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  • Writer's pictureJacksonville Museum

This Week in Arkansas Military History - Arkansas Joins the Confederacy

The secessionist movement dominated Arkansas politics in 1860 and 1861. Like many states in the South, the seeds of secession began with the election of President Lincoln. Arkansas was predominantly divided along geographical lines: the northwestern half of the state was against secession, and the southeastern half favored it. Still determining which way to go, officials called for an election to decide whether Arkansas should hold a convention to consider secession from the Union. On February 18th, 1861, election results showed that the majority of the state favored the formation of a secession convention. Delegates across Arkansas officially met in Little Rock on March 4, 1861, and elected David Walker as their chairman. Despite the clear preference from most of the state, Walker opposed secession and rejected taking immediate action at the first meeting. However, other events intervened before voters could decide the issue.

Photo courtesy of Arkansas Digital Archives

On April 12, 1861, the Civil War began at Fort Sumter in South Carolina. President Lincoln called for a regiment of troops from Arkansas to help defend the United States against the rebellion. Governor Henry Rector refused, and David Walker asked convention delegates to reconvene in Little Rock. The Secession Convention Delegates, chosen to represent the people's interest, voted almost unanimously on May 6, 1861, to secede from the Union in a secession ordinance passed by a vote of sixty-five to five. Arkansas withdrew from the Union and joined the Confederate States of America on May 20, 1861. The Secession Convention also enacted a new constitution. Delegates drafted a document very similar to the 1836 Constitution. The government’s basic structure remained the same, but the words “United States of America” were replaced with “Confederate States of America.” The June 1, 1861, convention adopted the new constitution, but it was never submitted to a vote of the people.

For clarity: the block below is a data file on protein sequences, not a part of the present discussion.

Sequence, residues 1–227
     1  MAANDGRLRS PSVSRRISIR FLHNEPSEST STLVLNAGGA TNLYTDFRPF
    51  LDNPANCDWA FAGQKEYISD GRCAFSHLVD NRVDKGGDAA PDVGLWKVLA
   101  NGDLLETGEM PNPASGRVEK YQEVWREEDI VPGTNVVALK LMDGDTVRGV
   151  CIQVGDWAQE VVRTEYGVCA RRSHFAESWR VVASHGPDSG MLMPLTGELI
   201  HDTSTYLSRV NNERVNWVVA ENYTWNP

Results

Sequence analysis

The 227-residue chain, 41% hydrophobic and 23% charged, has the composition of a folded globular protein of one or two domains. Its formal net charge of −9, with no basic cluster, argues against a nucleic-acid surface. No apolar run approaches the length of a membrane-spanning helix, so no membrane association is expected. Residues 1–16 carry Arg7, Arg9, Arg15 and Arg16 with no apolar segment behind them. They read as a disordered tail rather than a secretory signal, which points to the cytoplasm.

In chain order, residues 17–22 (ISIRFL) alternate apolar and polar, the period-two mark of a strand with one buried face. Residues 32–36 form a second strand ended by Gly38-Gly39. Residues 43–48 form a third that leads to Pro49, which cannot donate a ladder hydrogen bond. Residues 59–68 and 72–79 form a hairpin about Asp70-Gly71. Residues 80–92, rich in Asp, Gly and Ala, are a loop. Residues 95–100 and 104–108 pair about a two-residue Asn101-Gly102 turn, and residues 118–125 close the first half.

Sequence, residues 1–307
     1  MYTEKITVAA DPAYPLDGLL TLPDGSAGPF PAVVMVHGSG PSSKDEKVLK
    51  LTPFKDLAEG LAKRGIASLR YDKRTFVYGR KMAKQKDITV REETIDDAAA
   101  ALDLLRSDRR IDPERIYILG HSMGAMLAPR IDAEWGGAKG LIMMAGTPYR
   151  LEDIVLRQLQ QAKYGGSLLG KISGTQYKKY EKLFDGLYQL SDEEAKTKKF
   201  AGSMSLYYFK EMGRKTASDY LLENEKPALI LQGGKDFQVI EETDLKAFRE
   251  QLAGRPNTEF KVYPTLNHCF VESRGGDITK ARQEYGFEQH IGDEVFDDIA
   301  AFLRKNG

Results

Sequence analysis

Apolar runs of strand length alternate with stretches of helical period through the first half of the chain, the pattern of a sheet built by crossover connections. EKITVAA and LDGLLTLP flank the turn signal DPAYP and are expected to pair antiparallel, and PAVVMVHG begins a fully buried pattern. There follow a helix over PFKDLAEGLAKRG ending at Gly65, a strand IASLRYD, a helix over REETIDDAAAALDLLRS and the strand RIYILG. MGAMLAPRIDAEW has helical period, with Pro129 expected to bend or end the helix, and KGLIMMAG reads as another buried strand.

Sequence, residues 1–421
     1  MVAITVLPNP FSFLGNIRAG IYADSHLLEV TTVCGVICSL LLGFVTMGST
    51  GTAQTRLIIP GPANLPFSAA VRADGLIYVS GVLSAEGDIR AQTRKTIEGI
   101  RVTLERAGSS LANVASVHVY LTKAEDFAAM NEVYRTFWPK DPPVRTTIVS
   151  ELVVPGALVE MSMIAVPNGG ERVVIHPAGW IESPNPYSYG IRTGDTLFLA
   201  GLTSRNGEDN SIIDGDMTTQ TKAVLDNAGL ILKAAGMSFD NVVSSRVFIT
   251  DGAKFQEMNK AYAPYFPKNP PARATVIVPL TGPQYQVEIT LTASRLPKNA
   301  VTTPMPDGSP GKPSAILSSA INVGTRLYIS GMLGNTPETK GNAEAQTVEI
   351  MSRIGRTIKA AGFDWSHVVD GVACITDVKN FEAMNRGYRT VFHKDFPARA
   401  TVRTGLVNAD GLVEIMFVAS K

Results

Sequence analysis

Photo courtesy of Arkansas Digital Archives

Little Rock remained the state capital; however, in 1863, as the Union army approached, the Confederate State Capital was moved to Washington, Arkansas. Union forces prevailed in the Battle of Little Rock in September 1863, defeating the Confederate Army. Union forces occupied Pulaski County for the duration of the Civil War, and after the War, state officials moved the state capital back to Little Rock.











Works Cited


"1861 Arkansas Constitution," Arkansas Digital Archives, last accessed May 22, 2024, PDF, https://digitalheritage.arkansas.gov/constitutions/4/.


"Arkansas Secession Ordinance, 1861 May 6," Arkansas Digital Archives, last accessed May 22, 2024, PDF, https://digitalheritage.arkansas.gov/secession-ordinance/1/.


"Civil War and Reconstruction," Pulaski County History, last accessed May 22, 2024, https://www.pulaskicounty.net/pulaski-county-history.


Resolutions passed by the Convention of the people of Arkansas on the 20th day of March. 1861. Pdf. https://www.loc.gov/item/rbpe.00103400/.



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